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Housing Finance Market Overview
In Indonesia, housing finance is mainly raised from banks, with the government-owned Bank Tabungan Negara (BTN) taking the largest share of the market. The Indonesian housing finance industry has seen a considerable growth in the last years. The ratio of mortgage debt to GDP has been growing considerably from 2000 to 2007. In 2000, this ratio was only 1.2 per cent and reached in 2007 2.4 per cent, a level that is still below the one before the Asian crisis. Together with house prices that do not show signs of an overheated market, this low level indicates that only a part (according to estimates 20 to 25 per cent) of the total housing demand is financed by the mortgage sector.
The Market from the Perspective of the Demand Side
In Indonesia, the usual maximal loan-to-value ratio amounts to 80 per cent. Yet, for subsidized loans or good risks the limit can be regularly increased to 90 per cent. Adjustable mortgage instruments are the only type of mortgage loans generated in the non-subsidized market. The Indonesian government supports the acquisition/construction of housings with two major subsidy programs. One program intends to provide housing infrastructure and loan guarantees for micro loans for low-income borrowers and the other one subsidises the moderate income mortgage borrower. The latter has two options, an upfront subsidy and a buy-down on interest payments. The market for subsidised mortgages is dominated by BTN.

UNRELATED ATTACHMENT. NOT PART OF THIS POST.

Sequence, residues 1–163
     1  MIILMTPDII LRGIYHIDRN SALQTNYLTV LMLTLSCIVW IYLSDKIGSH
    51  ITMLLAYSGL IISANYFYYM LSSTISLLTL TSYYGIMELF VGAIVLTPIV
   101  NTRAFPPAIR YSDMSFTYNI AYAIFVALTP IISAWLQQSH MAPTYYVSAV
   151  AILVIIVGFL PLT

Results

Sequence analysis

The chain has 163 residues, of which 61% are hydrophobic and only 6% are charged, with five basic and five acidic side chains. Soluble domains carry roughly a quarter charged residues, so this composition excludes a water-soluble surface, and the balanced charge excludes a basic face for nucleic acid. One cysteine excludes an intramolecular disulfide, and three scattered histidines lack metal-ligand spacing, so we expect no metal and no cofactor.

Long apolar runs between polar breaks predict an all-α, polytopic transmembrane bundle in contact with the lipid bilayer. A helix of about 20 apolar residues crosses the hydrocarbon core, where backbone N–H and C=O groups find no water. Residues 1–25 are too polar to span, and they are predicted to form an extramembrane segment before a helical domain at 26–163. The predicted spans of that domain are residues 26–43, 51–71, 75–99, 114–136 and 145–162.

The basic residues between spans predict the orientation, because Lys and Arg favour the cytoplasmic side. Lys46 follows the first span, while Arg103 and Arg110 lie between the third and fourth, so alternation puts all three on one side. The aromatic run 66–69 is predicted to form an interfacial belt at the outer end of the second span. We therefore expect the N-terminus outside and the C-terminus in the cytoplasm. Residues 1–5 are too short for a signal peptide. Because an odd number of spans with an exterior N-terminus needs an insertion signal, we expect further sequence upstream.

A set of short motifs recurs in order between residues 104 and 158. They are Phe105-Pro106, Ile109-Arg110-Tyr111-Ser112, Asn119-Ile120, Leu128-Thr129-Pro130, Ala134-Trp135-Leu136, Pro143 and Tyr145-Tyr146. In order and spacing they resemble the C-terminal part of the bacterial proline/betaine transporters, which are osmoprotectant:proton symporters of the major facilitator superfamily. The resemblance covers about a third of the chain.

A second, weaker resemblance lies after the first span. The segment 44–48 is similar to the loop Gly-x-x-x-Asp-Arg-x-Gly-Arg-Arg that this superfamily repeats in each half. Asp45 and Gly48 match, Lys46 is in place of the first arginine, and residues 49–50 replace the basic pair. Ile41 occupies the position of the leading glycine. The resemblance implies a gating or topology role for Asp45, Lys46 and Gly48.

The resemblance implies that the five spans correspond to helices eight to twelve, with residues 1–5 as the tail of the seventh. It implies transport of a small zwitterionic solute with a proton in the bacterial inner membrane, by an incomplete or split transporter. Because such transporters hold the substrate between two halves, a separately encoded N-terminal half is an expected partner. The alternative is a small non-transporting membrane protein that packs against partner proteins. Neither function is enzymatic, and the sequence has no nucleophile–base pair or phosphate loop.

House Price Development
House prices rose with an annual average growth rate of almost 6 per cent from 2004 till the end of 2008. House prices continued to grow in the first half of 2009. However, this house price increase must be put into the context of a high inflation rate which was on average over 9 per cent in the same span of time. Hence, the real house price increase was negative.
Most funding of bank credit is done through deposit and savings accounts. Funding other than deposit-based funding is limited and expensive, including the issuance of bonds which is undertaken by several banks. In 2005, a secondary mortgage facility, the government-owned PT Sarana Multgriya Finansial, was founded and capitalized though there is no general committed funding line from the government to support its liquidity. Yet, the first mortgage backed securities were not issued before 2009.